If you're like most optometrists who own a practice, you rely on your bookkeeper or accountant to pay the bills, cut payroll checks, and prepare tax reports for the Internal Revenue Service.
Las Vegas-If you're like most optometrists who own a practice, you rely on your bookkeeper or accountant to pay the bills, cut payroll checks, and prepare tax reports for the Internal Revenue Service. You rely on your receptionist to answer phones, schedule appointments, and greet patients.
Yet, despite such efficient delegation-and in some way perhaps because of it-very few discussions occur between staff members about how to grow the practice or what changes can be made to build profits.
Mark R. Wright, OD, FCOVD, has seen this type of disconnect all too often at optometry practices around the country. As the president of Pathways for Success, a consulting firm for optometrists, and a faculty coordinator of the business management program at The Ohio State University College of Optometry, Columbus, Dr. Wright said that-unfortunately-most optometrists make important business decisions based on emotions instead of facts, numbers, or concrete data.
"Optometrists don't have time to sit down and manage their practice appropriately," he said. "Having reviewed a lot of optometry, ophthalmology, and optician practices, I have seen that the majority are not tracking or managing by the numbers."
To help eye-care professionals utilize business data to better manage their practice, Dr. Wright developed a 2-hour workshop, "Managing by the Numbers," which he presented at International Vision Expo West.
In his course, Dr. Wright identified the numbers that must be tracked and how to analyze practice data and industry-standards, which are objective benchmarks to determine the health status of an optometry practice.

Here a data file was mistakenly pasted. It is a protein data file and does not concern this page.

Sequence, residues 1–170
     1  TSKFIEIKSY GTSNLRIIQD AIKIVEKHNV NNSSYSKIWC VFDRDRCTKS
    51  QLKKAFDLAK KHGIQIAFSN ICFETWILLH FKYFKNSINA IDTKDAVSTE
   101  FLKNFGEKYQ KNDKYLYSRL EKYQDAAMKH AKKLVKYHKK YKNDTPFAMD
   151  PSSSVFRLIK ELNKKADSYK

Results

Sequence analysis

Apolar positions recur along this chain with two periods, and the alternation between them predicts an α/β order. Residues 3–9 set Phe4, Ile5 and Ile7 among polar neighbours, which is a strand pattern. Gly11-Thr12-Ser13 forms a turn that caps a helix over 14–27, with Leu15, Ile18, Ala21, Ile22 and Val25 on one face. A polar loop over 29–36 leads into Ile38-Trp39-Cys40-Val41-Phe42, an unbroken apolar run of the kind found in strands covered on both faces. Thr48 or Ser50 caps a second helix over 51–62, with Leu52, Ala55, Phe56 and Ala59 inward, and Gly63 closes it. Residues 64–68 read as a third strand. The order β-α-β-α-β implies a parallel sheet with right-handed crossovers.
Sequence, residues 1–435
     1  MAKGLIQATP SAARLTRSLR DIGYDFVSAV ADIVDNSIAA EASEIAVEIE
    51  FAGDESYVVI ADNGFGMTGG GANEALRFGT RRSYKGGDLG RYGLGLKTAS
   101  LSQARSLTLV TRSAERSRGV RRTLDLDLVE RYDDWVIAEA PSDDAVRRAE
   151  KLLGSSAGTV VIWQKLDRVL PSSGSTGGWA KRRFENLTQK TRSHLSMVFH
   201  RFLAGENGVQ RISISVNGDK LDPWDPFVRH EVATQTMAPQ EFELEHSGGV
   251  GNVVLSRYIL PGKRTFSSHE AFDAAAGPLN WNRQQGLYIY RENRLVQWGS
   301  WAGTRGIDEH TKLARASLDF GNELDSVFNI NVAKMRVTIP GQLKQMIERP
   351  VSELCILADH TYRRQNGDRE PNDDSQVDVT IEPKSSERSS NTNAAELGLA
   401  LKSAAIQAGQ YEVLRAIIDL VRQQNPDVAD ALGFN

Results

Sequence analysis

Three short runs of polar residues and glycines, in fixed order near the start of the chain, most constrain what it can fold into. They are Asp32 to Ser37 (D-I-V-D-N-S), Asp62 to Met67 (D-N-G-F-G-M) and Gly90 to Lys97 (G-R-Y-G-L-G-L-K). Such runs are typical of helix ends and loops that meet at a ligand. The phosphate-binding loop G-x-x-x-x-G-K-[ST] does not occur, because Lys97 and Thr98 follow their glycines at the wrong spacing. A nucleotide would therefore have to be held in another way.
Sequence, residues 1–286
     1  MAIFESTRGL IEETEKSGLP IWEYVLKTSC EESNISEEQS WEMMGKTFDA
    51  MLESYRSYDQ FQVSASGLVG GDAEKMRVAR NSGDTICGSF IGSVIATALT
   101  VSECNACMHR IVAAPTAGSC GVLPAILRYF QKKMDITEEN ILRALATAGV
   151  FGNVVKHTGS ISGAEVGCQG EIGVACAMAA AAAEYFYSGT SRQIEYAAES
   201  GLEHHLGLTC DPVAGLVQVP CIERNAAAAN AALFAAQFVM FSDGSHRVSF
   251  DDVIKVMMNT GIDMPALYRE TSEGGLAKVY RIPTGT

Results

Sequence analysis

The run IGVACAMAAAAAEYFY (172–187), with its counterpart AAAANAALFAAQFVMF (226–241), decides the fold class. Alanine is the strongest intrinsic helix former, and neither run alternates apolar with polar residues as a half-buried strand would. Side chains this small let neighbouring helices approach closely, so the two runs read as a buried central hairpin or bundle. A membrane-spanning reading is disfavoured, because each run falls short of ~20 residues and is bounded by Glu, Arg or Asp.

Commit the time
Whether you want to expand your practice or simply make a few changes to boost revenues, Dr. Wright said the first step is to make a commitment to work on your practice-a not just in it-for at least 1 hour each week. Then, use this time to review the books. Numbers act as clues, offering a wealth of information as to what you're doing right, what you're doing wrong and areas that need special attention.
"Take measurements of your practice to determine its health just as you would take measurements on patients to determine their physical health," Dr. Wright said.
For example, why was your practice's gross income higher last month than this month? Why did you sell more frames last year than this year? Maybe more patients requested eye exams last quarter than this quarter.
Track the numbers
There are many factors that can affect or influence how your practice performs, ranging from effective marketing campaigns and staffing changes to a sour economy. Focus on fixing the problems so your numbers improve and the practice can move forward.
The numbers to routinely examine and track include gross and net income, dollars generated per patient and classic expense categories like payroll and overhead, he explained.
National benchmark information also is available from sources such as the Ciba-Essilor MBA program, Eyes on America, or the Vision Council. Compare how your practice performed-last year, last quarter, or last month-against the national average. Did it fall behind or lead the way?